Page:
Treaty of Hopewell (1786)

A sketch of a Chickasaw by Bernard Romans, 1775

The Chickasaw signed the Treaty of Hopewell in 1786. This treaty officially recognized peace between the Chickasaw and the United States.

Treaty of 1818


In 1818, the leaders of the Chickasaw signed a treaty giving up all land north of the southern border of Tennessee.[9] The Chickasaw kept a four-square-mile reservation, but were required to lease the land to European immigrants.

Removal era (1837)

Historic Marker in Marion, Arkansas for the Trail of Tears

The Chickasaw received $3 million U.S. dollars from the United States for their lands east of the Mississippi River.[10] In 1836, the Chickasaw agreed to purchase land in Indian Territory from the Choctaw. They paid the Choctaw $530,000 for the western part of their land. For nearly 30 years, the US did not pay the Chickasaw the $3 million it owed them for their territory in the Southeast.

The Chickasaw gathered at Memphis, Tennessee, on July 4, 1837, with all of their portable assets: belongings, livestock, and enslaved African Americans. Three thousand and one Chickasaw crossed the Mississippi River.[10] During the journey, often called the Trail of Tears by all the Southeast tribes that had to make it, more than 500 Chickasaw died of dysentery and smallpox.

When the Chickasaw reached Indian Territory, the United States merged them with the Choctaw nation. The Chickasaw wrote their own constitution in the 1850s.

American Civil War (1861)


The Chickasaw Nation became allies of the Confederate States of America in 1861.[11] They did this because the United States government had forced them off their lands and did not protect them against the Plains tribes in the West. Confederate officials suggested that the American Indian tribes would receive an independent Indian state if the Confederacy won.

At the beginning of the American Civil War, Albert Pike was made the Confederate envoy to Native Americans. He negotiated several treaties, including the Treaty with Choctaws and Chickasaws in July 1861. The treaty covered many things, such as the sovereignty of the Choctaw and Chickasaw nation, the possibility of citizenship in the Confederate States of America, and a delegate in the House of Representatives of the Confederate States of America.[12] Because the Chickasaw sided with the Confederate States of America during the American Civil War, they had to give up some of their land after the war. The US also freed all the slaves owned by the Chickasaw. Members of the Chickasaw who returned to the United States were given US citizenship.[10]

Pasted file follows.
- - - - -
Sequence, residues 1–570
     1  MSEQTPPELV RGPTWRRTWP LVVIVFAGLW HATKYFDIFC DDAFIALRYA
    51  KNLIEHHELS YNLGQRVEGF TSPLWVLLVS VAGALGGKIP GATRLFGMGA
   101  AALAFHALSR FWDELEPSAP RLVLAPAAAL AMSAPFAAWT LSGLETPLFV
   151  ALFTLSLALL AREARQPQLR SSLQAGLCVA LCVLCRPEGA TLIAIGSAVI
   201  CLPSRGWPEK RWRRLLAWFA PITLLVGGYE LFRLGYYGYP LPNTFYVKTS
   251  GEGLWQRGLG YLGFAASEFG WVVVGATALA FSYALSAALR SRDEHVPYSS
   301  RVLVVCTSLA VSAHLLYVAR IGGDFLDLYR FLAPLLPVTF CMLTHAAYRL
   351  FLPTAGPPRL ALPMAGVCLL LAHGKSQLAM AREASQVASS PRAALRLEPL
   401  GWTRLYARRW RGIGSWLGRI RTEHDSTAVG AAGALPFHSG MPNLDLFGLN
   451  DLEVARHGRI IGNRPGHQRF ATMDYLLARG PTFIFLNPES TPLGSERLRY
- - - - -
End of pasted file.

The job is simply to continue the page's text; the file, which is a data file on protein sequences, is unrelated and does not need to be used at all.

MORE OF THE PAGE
Treaty Year Signed with Where Main Purpose Ceded Land
Treaty with the Chickasaw[13] 1786 United States Hopwell, SC Peace and Protection provided by the U.S. and Define boundaries N/A
Treaty with the Chickasaw[14] 1801 United States Chickasaw Nation Right to make wagon road through the Chickasaw Nation, Acknowledge the protection provided by the U.S. (Not Available yet)
Treaty with the Chickasaw[15] 1805 United States Chickasaw Nation Eliminate debt to U.S. merchants and traders (Not Available yet)
Treaty of with the Chickasaw[16] 1816 United States Chickasaw Nation Cede land, provide allowances, and tracts reserved to Chickasaw Nation (Not Available yet)
Treaty of with the Chickasaw[17] 1818 United States Chickasaw Nation Cede land, payments for land cession, and Define boundaries (Not Available yet)
Treaty of Franklin[18] (un-ratified) 1830 United States Chickasaw Nation, See Hiram Masonic Lodge No. 7[19] Cede lands east of the Mississippi River and provide protection for the 'weak' tribe (Not Available yet)
Treaty of Pontotoc[20] 1832 United States Chickasaw Nation Removal and Monetary gain from the sale of land 6,422,400 acres (25,991 km2).[10]

Post–Civil War

Fred Tecumseh Waite, a cowboy and Chickasaw Nation statesman

Because the Chickasaw were on the side of the Confederacy during the Civil War, the United States government made a new peace treaty with them in 1866. It required that they free their slaves and give citizenship to freed slaves who wanted to stay in the Chickasaw Nation. The freed slaves and their descendants became known as the Chickasaw Freedmen. However, the Chickasaw Nation did not give citizenship to the Chickasaw Freedmen.[21] Descendants of the Freedmen continue to live in Oklahoma.[22]

The Chaloklowa Chickasaw Indian People were recognized as a "state-recognized group" by South Carolina in 2005. Their headquarters is in Hemingway, South Carolina.[23] In 2003, they asked the US Department of the Interior Bureau of Indian Affairs for federal recognition, but they did not receive it.[24]